Rocky Sees the Return of Destructive Hoco Week Pranks

Junior-senior "wars" are back in full swing with destructive pranks, and students are sharing why they do it

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Rocky Sees the Return of Destructive Hoco Week Pranks

The junior-senior wars are traditionally around the week of the homecoming game and dance, meaning the consequence for some students who participate in the war is not being able to go to homecoming.

The junior-senior wars are traditionally around the week of the homecoming game and dance, meaning the consequence for some students who participate in the war is not being able to go to homecoming.

Payton Perkins

The junior-senior wars are traditionally around the week of the homecoming game and dance, meaning the consequence for some students who participate in the war is not being able to go to homecoming.

Payton Perkins

Payton Perkins

The junior-senior wars are traditionally around the week of the homecoming game and dance, meaning the consequence for some students who participate in the war is not being able to go to homecoming.

Payton Perkins, Editor

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It’s homecoming week, and that means the return of the junior-senior wars. This recent tradition’s premise is to prank other students–usually a senior targeting a junior or vice versa–and the most recent pranks occurred on Sunday night. The Rocky administration continues to condemn these pranks, saying they can go from harmless fun to criminal quickly, but participating students say they continue pranks out of fun.

“We’re trying to have fun,” an anonymous senior said. He mentioned how participating in junior-senior wars was something he looked forward to since he started high school. “As long as we’re not hurting anybody, I think we should be fine. It’s all in good fun.”

An anonymous junior agreed with that statement, saying that the pranks are all based in fun. Both students asked to be unnamed because even though the pranks last year are no longer able to be prosecuted, they could still get in significant trouble. All events occurring this year are considered within an active criminal investigation and are not discussed here in detail.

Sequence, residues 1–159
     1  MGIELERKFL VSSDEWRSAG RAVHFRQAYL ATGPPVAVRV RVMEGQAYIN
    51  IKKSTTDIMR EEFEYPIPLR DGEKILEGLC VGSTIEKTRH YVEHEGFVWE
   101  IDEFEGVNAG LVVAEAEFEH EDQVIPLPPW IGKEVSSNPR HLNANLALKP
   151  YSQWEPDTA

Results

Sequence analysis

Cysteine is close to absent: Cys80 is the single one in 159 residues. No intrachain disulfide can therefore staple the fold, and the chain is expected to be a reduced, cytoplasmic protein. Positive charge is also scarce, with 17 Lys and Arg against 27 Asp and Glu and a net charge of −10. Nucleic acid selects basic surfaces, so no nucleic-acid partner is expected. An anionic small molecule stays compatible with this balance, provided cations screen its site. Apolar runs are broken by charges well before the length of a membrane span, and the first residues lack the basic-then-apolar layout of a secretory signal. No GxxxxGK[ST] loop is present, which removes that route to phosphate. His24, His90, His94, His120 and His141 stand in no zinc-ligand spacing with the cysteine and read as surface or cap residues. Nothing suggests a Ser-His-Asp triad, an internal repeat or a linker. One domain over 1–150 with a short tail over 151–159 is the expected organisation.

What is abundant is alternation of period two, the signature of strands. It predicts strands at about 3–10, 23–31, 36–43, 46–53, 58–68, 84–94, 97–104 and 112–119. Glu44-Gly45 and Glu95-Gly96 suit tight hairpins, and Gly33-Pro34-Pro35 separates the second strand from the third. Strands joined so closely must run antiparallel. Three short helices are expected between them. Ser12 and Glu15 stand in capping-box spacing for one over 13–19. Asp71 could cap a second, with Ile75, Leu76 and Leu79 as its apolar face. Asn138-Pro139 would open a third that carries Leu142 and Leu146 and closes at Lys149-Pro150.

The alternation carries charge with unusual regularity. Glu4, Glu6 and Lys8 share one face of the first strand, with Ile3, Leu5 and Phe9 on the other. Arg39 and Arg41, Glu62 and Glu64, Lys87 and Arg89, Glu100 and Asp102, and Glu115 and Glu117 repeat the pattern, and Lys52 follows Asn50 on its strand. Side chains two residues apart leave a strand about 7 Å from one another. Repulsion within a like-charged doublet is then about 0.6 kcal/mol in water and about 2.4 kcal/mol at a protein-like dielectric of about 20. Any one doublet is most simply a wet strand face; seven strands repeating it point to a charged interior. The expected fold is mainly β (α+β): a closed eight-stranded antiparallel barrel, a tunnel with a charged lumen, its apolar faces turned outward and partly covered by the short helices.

The mother of a Rocky senior said that her house was egged last year, and she said that when a window was left open, an egg was thrown inside. Her child declined to be named, but said that they defended their house with paintball guns with some friends.

“I thought it was pretty fun,” the mother said about her experience with the junior-senior wars. She acknowledged that nothing at her house was broken and that they easily cleaned the eggs off their house using a power washer, and said she would’ve felt different if their was serious vandalism. “The kids were having a great time. I mean, as long as no one gets hurt.”

“It borderlines on inappropriateness, and then actually goes into too inappropriate,” Dean Russell Stapleton said about the pranks. “Part of adolescent is having a hard time determining what are appropriate pranks and pranks that are damaging and/or offensive to the point where it’s hard to recover from.”

“Students using homecoming week, a school activity, as an excuse to damage property or create issues in someone else’s home off campus is a huge concern of mine,” Principal Craig Woodall said. “Often we’ll think it’s just fun, but the people who are cleaning eggs, and cleaning glue, and cleaning things of their car or their house don’t find it as fun.”

Stapleton said that in previous years lawns have been covered in sand, sticky things have been thrown against or around houses, houses have been spray painted with racial slurs, and cars have been damaged. Dr. Woodall went on the PA system Monday to remind students that these pranks were not a good representation of Rocky students, and encouraged students to think about how their pranks might affect the victims.

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